Advocate staff photo by JOHN McCUSKER --   St. Bernard Parish Hospital in Chalmette Thursday, March 27, 2014.

Your story, “From Utter Devastation, St. Bernard Rebuilds” presents a vivid picture of the challenges that our parish faced after Katrina. We had to rebuild our community’s foundation of health care, education, public safety and governmental services. We are proud to be part of the rebuilding of our parish’s basic services. Through community support and a rigorous effort,… Continue reading →

Letters: Lack of re-election doesn’t end the job for state representative Karen Gaudet St. Germain

I read with interest Sunday’s Capitol Buzz column titled “Lawmakers on national conference circuit.” In it, there’s the implication, although not stated outright, that it’s a waste of state money for Louisiana legislators to attend conferences with fellow lawmakers from other states where we participate in discussion panels related to issues we all face. The implication… Continue reading →

Stephanie Grace: Democratic candidate Bernie Sanders' message finds eager audience even in Louisiana, among reddest of red states

Advocate staff photo by A.J. SISCO -- U.S. Senator and presidential candidate Bernie Sanders speaks during a rally at the Pontchartrain Center in Kenner, Louisiana, Sunday, July 26, 2015.

When some 4,500 people venture out to a conservative New Orleans suburb on a sweltering Sunday night to cheer on a self-described socialist, it’s safe to say that something’s going on here. Bernie Sanders, the New York born, 73-year-old U.S. senator from Vermont, has emerged as a populist sensation on the Democratic… Continue reading →

Guest Column: Louisiana politicians spend outrageous time, resources blocking abortion under guise of 'protecting women'

Marlo Barrera

Recently, during the National Right to Life Convention in New Orleans, an annual anti-abortion conference, Gov. Bobby Jindal touted Louisiana as the “most pro-life” state. He flaunted the amount of anti-abortion restrictions that he has signed during his two terms in office, using “religious freedom” to justify taking away a woman’s ability to make her own decisions about… Continue reading →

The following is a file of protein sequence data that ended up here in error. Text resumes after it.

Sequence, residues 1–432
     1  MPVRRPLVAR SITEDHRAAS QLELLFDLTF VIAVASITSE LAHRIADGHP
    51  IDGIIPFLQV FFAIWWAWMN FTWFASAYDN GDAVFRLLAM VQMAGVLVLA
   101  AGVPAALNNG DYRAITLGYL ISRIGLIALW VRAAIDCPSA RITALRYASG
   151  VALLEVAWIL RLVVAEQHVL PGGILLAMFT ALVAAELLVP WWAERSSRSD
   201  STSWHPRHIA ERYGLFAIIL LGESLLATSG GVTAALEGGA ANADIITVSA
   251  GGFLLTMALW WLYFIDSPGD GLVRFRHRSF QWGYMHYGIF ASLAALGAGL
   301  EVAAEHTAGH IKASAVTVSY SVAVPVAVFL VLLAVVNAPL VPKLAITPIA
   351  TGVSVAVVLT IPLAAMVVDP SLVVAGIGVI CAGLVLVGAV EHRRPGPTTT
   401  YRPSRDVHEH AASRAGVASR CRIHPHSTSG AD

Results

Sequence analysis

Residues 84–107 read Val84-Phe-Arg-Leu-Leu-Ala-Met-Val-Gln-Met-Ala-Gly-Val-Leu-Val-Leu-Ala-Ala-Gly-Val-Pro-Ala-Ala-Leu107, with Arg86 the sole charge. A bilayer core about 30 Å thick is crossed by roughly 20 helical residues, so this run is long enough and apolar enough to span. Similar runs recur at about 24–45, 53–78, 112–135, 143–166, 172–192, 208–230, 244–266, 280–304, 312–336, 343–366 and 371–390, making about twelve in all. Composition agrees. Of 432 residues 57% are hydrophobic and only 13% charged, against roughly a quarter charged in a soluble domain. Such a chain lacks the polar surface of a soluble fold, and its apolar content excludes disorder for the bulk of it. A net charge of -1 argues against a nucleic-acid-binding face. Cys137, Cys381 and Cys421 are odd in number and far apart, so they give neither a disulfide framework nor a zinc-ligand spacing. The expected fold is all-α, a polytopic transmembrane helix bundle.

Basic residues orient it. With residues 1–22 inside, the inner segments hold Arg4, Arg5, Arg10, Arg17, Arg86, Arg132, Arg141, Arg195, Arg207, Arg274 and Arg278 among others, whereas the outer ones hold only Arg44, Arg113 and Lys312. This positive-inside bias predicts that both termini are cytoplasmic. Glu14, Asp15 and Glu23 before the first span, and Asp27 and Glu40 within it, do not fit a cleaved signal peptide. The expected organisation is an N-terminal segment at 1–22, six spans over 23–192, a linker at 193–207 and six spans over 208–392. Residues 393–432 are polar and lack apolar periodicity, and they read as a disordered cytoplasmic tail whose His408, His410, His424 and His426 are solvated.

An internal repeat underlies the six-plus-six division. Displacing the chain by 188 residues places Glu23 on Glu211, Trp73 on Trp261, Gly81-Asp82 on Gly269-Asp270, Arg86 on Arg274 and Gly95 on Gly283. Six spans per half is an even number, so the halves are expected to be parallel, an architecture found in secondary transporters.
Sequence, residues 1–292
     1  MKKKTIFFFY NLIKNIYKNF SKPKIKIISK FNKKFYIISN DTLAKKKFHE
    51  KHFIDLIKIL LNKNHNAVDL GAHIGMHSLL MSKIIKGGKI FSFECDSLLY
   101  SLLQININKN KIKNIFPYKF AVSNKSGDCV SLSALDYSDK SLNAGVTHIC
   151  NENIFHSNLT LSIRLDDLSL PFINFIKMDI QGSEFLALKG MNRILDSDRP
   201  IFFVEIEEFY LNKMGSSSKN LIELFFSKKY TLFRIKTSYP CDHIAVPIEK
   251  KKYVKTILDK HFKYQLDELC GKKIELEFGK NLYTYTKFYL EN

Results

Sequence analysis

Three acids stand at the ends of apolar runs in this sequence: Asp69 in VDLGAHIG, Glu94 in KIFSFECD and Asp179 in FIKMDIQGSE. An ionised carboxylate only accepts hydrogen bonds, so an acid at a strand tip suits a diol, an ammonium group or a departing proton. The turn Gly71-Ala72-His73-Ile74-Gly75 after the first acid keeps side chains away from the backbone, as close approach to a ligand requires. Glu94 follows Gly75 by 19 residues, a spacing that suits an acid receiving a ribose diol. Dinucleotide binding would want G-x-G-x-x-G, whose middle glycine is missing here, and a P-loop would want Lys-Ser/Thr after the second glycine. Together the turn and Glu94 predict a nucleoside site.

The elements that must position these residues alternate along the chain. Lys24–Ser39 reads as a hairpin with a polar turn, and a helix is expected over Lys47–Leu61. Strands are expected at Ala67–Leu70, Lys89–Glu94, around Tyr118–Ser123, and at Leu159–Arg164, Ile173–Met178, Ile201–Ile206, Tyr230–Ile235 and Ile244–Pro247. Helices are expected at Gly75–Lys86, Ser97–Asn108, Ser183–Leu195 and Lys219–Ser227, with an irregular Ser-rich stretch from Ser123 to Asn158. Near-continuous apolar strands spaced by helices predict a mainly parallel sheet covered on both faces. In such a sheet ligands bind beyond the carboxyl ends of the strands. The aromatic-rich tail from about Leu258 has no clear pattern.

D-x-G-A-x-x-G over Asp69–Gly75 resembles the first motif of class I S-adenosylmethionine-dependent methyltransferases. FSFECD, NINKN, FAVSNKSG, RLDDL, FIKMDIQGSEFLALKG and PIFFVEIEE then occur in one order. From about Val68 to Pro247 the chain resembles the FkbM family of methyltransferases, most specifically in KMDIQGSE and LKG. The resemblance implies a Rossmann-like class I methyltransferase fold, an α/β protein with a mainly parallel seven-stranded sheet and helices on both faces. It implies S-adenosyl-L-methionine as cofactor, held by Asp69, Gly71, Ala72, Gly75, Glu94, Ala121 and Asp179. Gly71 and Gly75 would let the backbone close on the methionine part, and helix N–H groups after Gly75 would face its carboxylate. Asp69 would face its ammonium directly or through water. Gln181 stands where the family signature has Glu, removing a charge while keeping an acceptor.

Letters: Removing Confederate symbols won’t erase their history

Wake up, America. Today’s issue about removing Confederate statues is ridiculous. You cannot erase history because the black race thinks you can. That’s why it’s called history. Accept an apology and move on. If you remove the Confederate battle flag and all the Confederate statues because they want it, then I want everything with Martin Luther King’s name… Continue reading →

Letters: It is time to rethink mandatory minimum sentencing for nonviolent offenses

In response to Assistant District Attorney Christopher Bowman’s Guest Column “How We Can Achieve True Prison Reform, Reduce Criminal Relapses” — we applaud the district attorney’s agreement that we in Louisiana “incarcerate too many people.” That is the starting point to any conversation. However, Mr. Bowman is wrong to argue the problem is not that we send… Continue reading →

Letters: A recent letter to the editor that was clinging to a ‘lost cause’ battle flag was intellectually lazy

In response to the recent letter by Rebecca Carl, there is a reason KKK cowards hiding behind sheets display the Confederate flag, and it is not to teach civics or history classes. Her argument and that of others that removing public symbols is, as she said, “rewriting Southern history” is simply bogus. The history was already… Continue reading →

Jeff Sadow: Louisiana right to reject Medicaid expansion

Even as the Louisiana Legislature edged closer this year to embracing the folly of Medicaid expansion, the data continue to pile up underscoring how its adoption it would lay waste to future state budgets. As time has passed, states that already unwisely went the expansion route now project nasty surprises on the cost side. It seems practically… Continue reading →

Political Horizons: On finances, Bobby Jindal counts at-bats as home runs

At least one entry in the “Boring But Important” category has to be the Herculean effort the Jindal administration has put into keeping the influential New York credit rating agencies from downgrading Louisiana’s finances. Complex analysis of high finance doesn’t get a lot of clicks, but how Moody’s Investors Services, Fitch Ratings and Standard & Poor’s Financial… Continue reading →

James Gill: For whom the whistle blows, like it or not

It’s the same old story. You try to do someone a favor, but there’s not a word of thanks. Rerouting freight trains from Old Metairie to Hollygrove is an idea that has been kicking around for years, but the feds cannot put off a decision much longer. Jefferson Parish President John Young says… Continue reading →